This talk explores the profound imaginative, methodological, and existential possibilities that Arab science fiction offers people throughout the region as they navigate multiple crises: popular uprisings, authoritarianism, and social and economic injustice, to name just a few. It explores the genre's deep regional historical roots while also considering what the explosion in contemporary sci fi output from the region indicates about current political needs and desires, and the centrality of gender, race, and class dynamics to re-envisioning futurity. Referencing literature, film, and scholarship, this talk inquires whether science fiction, in its simultaneous utopian and dystopian refractions, can in fact open up spaces for hope and action. Finally, it examines the parallel world-making possibilities of science fiction and revolution, and the tools they offer us for re-imagining the past and reframing the present.
Nadya Sbaiti is Assistant Professor at the Center for Arab and Middle Eastern Studies (CAMES) at the American University Beirut (AUB). She is a co-founder and co-editor of Jadaliyya.
The talk is part of the Worldbuilding in the Wake monthly series curated by Kareem Estefan within the context of the Postcolonial Ecologies exhibition project.
As climate change accelerates, a sixth mass extinction event looms over the horizon. Apocalyptic scenes proliferate across our screens, almost blocking out fugitive glimpses of other possible worlds. But for those most vulnerable to the slow violence of extractive capitalism and settler colonialism, the end of the world is nothing new. To paraphrase the late scholar Patrick Wolfe, apocalypse is a structure, not an event; the catastrophe is ongoing. Or, as June Tyson sings in Sun Ra’s Space Is the Place, “It’s after the end of the world—don’t you know that yet?” The worldbuilding of Afrofuturism, Arabfuturism, indigenous futurism, and other subaltern futurisms is animated by collective memories of the many worlds that did not survive the “new world” of colonial modernity. Futurisms divested from capitalist futurity, these speculative activities reorient the imagination to the poetics and politics of worldbuilding in the wake of catastrophe, so that visions of the yet-to-come are always also returns to the practices, epistemologies, and dreams of those whose worlds were expropriated or destroyed. They suggest an ecological consciousness that understands the present annihilation of biodiverse ecosystems as continuous with histories of colonization, enslavement, and genocide. Positioning the speculative practice of worldbuilding as a poetic act of repairing present and future ecologies in the wake of imperial violence, this series will feature artists, writers, and scholars who think beyond “green futures'' to imagine a world transformed by decolonization and de-growth, a world that cultivates structures of care and kinship beyond the figure of the human.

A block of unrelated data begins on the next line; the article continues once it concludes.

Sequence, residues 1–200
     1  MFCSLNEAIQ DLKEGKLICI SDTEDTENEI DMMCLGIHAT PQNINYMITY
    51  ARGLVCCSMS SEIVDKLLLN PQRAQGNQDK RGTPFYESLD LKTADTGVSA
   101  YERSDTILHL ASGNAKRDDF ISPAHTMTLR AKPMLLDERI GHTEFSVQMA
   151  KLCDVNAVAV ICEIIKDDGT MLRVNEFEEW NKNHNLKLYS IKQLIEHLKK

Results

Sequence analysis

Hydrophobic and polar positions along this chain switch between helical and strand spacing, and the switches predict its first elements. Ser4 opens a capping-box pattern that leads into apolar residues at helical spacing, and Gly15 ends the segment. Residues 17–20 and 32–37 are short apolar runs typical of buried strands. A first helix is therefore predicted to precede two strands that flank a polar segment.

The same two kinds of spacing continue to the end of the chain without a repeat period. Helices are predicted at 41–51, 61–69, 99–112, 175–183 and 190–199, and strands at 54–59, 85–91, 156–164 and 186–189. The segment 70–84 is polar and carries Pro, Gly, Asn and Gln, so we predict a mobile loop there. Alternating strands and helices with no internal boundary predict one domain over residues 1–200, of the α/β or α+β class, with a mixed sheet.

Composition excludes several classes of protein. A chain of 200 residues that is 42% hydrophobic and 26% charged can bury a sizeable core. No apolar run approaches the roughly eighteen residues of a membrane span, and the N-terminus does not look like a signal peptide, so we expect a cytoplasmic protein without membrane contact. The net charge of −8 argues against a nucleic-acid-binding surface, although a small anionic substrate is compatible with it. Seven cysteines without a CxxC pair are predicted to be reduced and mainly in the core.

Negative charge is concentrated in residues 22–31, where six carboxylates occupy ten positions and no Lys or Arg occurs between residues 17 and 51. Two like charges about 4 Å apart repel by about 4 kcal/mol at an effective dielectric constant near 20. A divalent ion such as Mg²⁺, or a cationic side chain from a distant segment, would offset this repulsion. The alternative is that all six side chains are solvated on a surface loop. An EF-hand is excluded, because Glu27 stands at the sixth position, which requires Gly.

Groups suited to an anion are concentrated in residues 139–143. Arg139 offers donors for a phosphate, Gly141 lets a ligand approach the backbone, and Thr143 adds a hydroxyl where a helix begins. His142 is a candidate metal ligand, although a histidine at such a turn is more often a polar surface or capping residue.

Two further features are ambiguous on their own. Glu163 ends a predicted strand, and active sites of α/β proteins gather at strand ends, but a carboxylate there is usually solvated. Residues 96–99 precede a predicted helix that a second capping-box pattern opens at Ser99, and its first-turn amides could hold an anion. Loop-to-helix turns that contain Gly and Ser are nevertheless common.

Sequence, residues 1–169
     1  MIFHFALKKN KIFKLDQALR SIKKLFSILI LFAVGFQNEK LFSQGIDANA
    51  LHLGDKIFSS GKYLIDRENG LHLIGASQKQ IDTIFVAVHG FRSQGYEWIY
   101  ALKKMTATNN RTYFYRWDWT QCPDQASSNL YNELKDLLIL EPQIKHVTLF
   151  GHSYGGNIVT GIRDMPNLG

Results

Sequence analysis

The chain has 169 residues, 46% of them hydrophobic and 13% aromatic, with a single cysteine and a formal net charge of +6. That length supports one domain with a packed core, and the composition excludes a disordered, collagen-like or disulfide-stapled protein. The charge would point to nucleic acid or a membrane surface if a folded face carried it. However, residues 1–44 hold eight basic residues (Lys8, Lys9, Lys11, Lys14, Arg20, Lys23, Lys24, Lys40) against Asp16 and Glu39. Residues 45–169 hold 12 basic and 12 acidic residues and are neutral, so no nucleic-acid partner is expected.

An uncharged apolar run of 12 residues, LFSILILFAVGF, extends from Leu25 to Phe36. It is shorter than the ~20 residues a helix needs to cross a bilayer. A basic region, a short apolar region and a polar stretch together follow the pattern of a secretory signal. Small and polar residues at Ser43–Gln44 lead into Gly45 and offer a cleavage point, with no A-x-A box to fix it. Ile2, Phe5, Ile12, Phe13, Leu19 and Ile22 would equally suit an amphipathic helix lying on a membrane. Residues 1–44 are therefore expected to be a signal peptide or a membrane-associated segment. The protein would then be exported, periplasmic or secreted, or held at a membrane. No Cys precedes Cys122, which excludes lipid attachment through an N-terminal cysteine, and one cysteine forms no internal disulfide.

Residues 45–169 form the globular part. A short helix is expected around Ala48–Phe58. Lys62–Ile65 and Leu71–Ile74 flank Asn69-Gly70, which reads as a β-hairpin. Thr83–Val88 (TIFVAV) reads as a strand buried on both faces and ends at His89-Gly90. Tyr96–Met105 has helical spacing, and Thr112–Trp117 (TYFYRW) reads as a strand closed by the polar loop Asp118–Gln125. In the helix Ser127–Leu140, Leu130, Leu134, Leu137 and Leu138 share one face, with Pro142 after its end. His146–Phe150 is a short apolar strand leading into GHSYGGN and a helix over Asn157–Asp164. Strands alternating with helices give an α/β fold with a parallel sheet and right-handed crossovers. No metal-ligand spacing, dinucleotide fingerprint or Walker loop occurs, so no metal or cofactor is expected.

Kareem Estefan is a writer, editor, art critic, teacher, and PhD candidate in Modern Culture and Media at Brown University, researching the poetics of witnessing and worldbuilding in Palestinian visual culture. Estefan is currently a fellow at Darat al Funun.